You'll notice that these two numbers are indeed unequal. You're probably thinking big deal, obviously, $num1 doesn't repeat forever so they shouldn't be equal. Try the script again, but add a single 9 to the end of $num1. You should find the results more interesting. (I'm by no means a Perl guru and am not sure if this will work the same from one Perl installation to another. I am using Perl 5.6.1 on a Win32 platform.) In that case, the two values, even though $num1 still does not repeat forever, are considered equal.

        What I had come up with, as a refutation to the argument, was that whether .9 repeating is equal to 1 is dependent upon your context. In a mathematical world, it is obviously true. Within a computer, however, it is an entirely different case.

        - Sherlock

        Update: Please note, I am not attempting to say that .9 repeating is not equal to 1 simply because a computer can't represent .9 repeating. I was simply trying to point out that there is some level of discrepency between theoretical mathematics and the mathematics done in a computer/calculator. I was really just hoping this post would cause a few of you (and myself) to think about how you use floating point numbers and make you more aware of the rounding errors that can take place.

        Skepticism is the source of knowledge as much as knowledge is the source of skepticism.
(MeowChow) Re: .999999... == 1? (Somewhat OT)
by MeowChow (Vicar) on Jul 25, 2001 at 01:32 UTC
    Pshaw! And I suppose next you'll tell me that 0.0000... repeating is equal to 0 ;-)
       MeowChow                                   
                   s aamecha.s a..a\u$&owag.print
      Proving that 0.00000 ... (infinite zeros) ... 00001 = 0 is more of a challenge.

      ____________________
      Jeremy
      I didn't believe in evil until I dated it.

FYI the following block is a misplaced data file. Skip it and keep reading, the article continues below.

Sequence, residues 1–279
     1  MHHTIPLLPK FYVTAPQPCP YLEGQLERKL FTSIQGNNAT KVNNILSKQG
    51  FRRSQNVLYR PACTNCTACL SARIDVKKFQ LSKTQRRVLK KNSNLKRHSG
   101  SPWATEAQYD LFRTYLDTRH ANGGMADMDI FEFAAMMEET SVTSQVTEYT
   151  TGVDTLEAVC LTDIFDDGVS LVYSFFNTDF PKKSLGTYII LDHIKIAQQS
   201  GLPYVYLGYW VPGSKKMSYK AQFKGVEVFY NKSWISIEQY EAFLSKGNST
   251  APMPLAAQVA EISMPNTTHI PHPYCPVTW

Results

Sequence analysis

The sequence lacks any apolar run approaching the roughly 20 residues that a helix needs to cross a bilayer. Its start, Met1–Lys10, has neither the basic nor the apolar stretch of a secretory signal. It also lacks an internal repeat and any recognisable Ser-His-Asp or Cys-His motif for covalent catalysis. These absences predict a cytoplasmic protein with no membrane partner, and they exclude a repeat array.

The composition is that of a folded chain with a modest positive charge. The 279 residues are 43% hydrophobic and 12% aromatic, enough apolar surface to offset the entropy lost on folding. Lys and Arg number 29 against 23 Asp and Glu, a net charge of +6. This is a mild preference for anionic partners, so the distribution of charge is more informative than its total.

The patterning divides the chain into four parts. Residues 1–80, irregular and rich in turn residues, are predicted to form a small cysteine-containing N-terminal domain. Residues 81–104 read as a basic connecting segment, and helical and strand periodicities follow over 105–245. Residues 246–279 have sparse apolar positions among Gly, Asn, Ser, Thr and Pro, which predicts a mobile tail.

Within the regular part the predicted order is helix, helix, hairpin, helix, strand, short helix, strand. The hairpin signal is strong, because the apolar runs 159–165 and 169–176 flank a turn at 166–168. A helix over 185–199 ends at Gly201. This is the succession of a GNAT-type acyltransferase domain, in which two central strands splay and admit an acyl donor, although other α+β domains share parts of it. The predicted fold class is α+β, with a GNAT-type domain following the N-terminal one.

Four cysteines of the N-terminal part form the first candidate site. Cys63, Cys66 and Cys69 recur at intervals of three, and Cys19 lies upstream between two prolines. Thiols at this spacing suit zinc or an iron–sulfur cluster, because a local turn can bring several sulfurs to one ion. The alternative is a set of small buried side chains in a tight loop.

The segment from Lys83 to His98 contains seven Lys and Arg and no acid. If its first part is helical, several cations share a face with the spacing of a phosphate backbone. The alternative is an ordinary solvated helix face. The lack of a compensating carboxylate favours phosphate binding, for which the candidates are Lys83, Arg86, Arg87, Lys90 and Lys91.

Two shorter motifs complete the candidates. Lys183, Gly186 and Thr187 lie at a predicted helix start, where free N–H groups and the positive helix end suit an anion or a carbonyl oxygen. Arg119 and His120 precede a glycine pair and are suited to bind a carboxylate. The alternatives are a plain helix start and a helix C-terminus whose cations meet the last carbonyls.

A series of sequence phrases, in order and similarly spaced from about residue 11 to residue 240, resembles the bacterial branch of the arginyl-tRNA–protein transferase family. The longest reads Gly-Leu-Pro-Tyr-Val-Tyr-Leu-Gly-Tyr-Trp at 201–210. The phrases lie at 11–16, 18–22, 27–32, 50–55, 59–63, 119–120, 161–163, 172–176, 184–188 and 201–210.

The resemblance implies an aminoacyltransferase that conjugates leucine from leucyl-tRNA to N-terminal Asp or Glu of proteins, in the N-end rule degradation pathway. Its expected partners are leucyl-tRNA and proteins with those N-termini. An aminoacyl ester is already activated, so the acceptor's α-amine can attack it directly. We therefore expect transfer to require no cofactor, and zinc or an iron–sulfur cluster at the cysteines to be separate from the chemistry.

Yes, especially since it's not. :)

        Consider:

        0.00000 ... 00001 > 0.00000 ... 000009

        Now if A > B and A = 0 than 0 > B so

        0 > 0.00000 ... 000009

        and we've found a positive number which is strictly less than zero.<blink><blink><twitch>

        The problem comes from specifying a last digit since one can always specify one more after that which isn't zero and get a 'really' different number.

Re: .999999... == 1? (Somewhat OT)
by Superlman (Pilgrim) on Jul 25, 2001 at 10:51 UTC
    One simple proof which I'm surprised hasn't been brought up is to consider the difference between the left hand and the right hand sides of the equation.

    If you have one decimal, (.9 vs 1) then the difference is 0.1
    With two, it is 0.01
    With n, it is 10^(-n)

    The question is: How many decimals do we have? Well, since it is repeating FOREVER, we take the limit as n approaches infinity. As n approachs infinity, 10^(-n), and hence the difference, approaches zero.

    If the difference between the numbers is zero, they are the same.

    **POOF**

    For my next trick, I need a volunteer from the audience...

Re: .999999... == 1? (Somewhat OT)
by scott (Chaplain) on Dec 01, 2001 at 05:36 UTC

    I just found this.

    UPDATE: Fixed the URL. Thx blakem and tilly.